On the subject of doubts, one that I felt gently tugging at my sleeve as I prepared to invest myself into this new business was my awareness of the steady migration of book buyers from paper reading to digital reading. It was hard not to take seriously the threat to hard-copy booksellers implicit in headlines like this from the New York Times from January 22, 2012: “Tablet and E-Reader Sales Soar.” The article reported that the number of adults in the United States who own tablets and e-readers nearly doubled from mid-December to early January last year.

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Bookshops Vs. Gunshops

Sunday’s New York Times featured an article about the diminished literary scene in Manhattan, highlighted by the loss of bookstores – all of some three dozen bookshops on what was once Book Row (Fourth Avenue between Eighth and 14th Street) are now gone. But what I found interesting was the connection between a community’s literati and its bookstores. Writers, it seems, rely on a network of common hangouts (bars, hotels, restaurants and bookstores) to interact with other writers, or at least those who are interested in writing. Here in Pittsboro, I’ve been surprised – amazed really – by how many of the visitors to Circle City Books over its first two months have been writers. Many self-published, some still agent and publisher shopping, some who’ve already fought their way into the business and now just need to write, but all illustrative of the symbiotic relationship writers have with places like mine. Today a writer from Brooklyn came by and we talked at length about his project – a history of a strike at a nearby wood mill. I don’t know how he found my store, but I guess there is an unmistakable scent that attracts practicing wordsmiths.

Book Row Map
Book Row NYC (Strand Books)

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Recommended Books

Last week I reflected on the expertise I’ve been extracting from my customers. Lately, though, it’s been my counsel that’s in demand. Christmas is the time when people realize how little they know about their loved ones, at least in so far as in pegging them for a gift. So, naturally, they come to me for sage gift advice. I was asked today to provide for a Californian a recommended book that most embodies the essence of North Carolina. I first assured him that no such book existed, but then got down to making the best of a fool’s errand.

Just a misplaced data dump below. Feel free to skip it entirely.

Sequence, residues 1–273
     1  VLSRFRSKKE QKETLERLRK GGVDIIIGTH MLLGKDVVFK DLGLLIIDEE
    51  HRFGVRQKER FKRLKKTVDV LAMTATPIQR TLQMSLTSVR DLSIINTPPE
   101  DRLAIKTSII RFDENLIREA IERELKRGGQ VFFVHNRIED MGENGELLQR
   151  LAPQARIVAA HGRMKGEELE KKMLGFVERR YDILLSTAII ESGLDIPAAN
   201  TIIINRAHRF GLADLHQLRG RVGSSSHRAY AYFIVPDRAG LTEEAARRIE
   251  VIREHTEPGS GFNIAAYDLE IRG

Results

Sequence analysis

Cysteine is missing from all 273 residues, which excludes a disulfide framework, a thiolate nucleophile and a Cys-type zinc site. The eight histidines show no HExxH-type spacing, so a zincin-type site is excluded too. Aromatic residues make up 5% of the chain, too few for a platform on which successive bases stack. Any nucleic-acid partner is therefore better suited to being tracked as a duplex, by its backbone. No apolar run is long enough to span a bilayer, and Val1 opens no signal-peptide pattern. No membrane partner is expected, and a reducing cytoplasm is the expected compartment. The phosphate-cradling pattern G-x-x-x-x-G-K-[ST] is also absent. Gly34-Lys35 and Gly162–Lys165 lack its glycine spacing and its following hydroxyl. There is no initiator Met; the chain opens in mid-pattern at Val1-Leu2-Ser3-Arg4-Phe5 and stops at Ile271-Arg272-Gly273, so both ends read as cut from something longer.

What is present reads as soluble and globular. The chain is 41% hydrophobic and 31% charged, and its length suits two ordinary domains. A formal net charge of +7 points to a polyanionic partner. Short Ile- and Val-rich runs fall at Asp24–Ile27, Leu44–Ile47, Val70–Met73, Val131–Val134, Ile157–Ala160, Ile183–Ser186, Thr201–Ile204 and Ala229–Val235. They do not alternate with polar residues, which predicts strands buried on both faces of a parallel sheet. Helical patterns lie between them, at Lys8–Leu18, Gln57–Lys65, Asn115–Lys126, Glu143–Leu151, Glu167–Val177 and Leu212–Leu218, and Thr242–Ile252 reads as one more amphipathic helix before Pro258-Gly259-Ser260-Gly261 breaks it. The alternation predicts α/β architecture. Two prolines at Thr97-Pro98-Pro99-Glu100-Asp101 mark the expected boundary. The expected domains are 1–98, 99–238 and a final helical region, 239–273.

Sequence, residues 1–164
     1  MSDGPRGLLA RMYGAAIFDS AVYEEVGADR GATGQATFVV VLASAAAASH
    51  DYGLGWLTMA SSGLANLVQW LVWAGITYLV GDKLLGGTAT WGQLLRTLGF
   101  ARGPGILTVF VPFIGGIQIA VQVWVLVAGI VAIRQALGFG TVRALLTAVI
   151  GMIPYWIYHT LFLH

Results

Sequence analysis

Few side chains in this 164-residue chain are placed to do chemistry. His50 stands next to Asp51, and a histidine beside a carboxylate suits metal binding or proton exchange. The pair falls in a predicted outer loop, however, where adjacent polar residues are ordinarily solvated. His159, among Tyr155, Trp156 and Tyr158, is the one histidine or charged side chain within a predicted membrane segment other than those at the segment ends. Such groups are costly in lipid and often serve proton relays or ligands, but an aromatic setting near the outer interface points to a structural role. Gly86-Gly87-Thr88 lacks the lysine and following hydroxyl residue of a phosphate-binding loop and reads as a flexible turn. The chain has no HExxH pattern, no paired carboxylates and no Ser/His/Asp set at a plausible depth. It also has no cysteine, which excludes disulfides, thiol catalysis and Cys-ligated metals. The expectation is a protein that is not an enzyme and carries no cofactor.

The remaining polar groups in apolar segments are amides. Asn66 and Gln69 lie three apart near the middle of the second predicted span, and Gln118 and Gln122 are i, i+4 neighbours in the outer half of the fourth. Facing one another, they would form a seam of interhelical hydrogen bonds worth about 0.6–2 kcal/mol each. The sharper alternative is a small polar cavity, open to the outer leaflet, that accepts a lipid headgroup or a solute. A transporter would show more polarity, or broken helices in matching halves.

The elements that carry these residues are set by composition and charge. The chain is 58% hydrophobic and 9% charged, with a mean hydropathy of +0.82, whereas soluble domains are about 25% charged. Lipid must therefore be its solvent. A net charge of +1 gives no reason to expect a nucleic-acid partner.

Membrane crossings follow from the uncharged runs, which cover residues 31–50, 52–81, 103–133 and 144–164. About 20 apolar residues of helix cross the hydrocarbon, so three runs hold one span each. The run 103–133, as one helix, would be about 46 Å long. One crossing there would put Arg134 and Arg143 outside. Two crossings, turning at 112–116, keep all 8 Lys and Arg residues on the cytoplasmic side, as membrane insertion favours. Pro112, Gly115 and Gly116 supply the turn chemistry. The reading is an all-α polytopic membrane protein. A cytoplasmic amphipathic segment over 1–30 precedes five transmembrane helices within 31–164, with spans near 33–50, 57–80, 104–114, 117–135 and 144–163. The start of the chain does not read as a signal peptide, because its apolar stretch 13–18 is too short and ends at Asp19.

“Living or dead?” I asked.

“What’s the difference?”

“The living ones publish more frequently.”

“I mean, would it matter in choosing the book?”

It makes a great difference. The essential North Carolina book today is nothing like the essential North Carolina book of the 1950s, and farther still from the essential North Carolina book of the 1920s,

recommended books
Me Talk Pretty One Day by Sedaris

which, for instance, would be “Look Homeward, Angel,” by Thomas Wolfe, or “In Abraham’s Bosom,” by Paul Green. A hundred years ago Thomas Dixon’s “The Clansman,” might be the book you would choose to reflect the soul of the state. North Carolina literature today is just as likely to be set in a suburb, as in the dusty, sweltering tobacco fields of the rural old south. North Carolina characters today have gay friends and travel abroad; they buy vegan falafels and drink beer that wasn’t made in a bath tub. I ended up recommending a Lee Smith novel, “Cakewalk,” but I could have chosen David Sedaris’ “Me Talk Pretty One Day,” and I wouldn’t have been wrong.

Later, I was asked by a woman to help find a book for her 15 year-old grandson. I asked the standard question: “What does he like?” (as prescribed in the “Idiot’s Guide to Bookselling,”), but she admitted, forlornly, that she really didn’t know.  “He lives so far away, I hardly see him,” she confessed. I knew right away that I had the ideal book. First, before I reveal my choice, I need to assure you that I know perfectly well that it is impossible to guess what book someone you don’t really know will like. It’s hard enough to pick a book for someone you know well. And even if you were able to guess what book might be enjoyed, that’s just half the battle. The most perfectly chosen book won’t do anyone any good if the recipient can’t be induced to start reading it. Do you have any idea how many swell book spines have gone uncracked by apparently enthusiastic birthday boys and girls? A lot. The book not only has to be good; it has to look good and sound good, too. And even then, if the reader isn’t in the right mood, he may give it up after five pages, before the story really starts to hum. It’s not easy to get someone to read what you want them to read! Then again if this sort of help didn’t interest me I would have set up a shop to rent textbooks.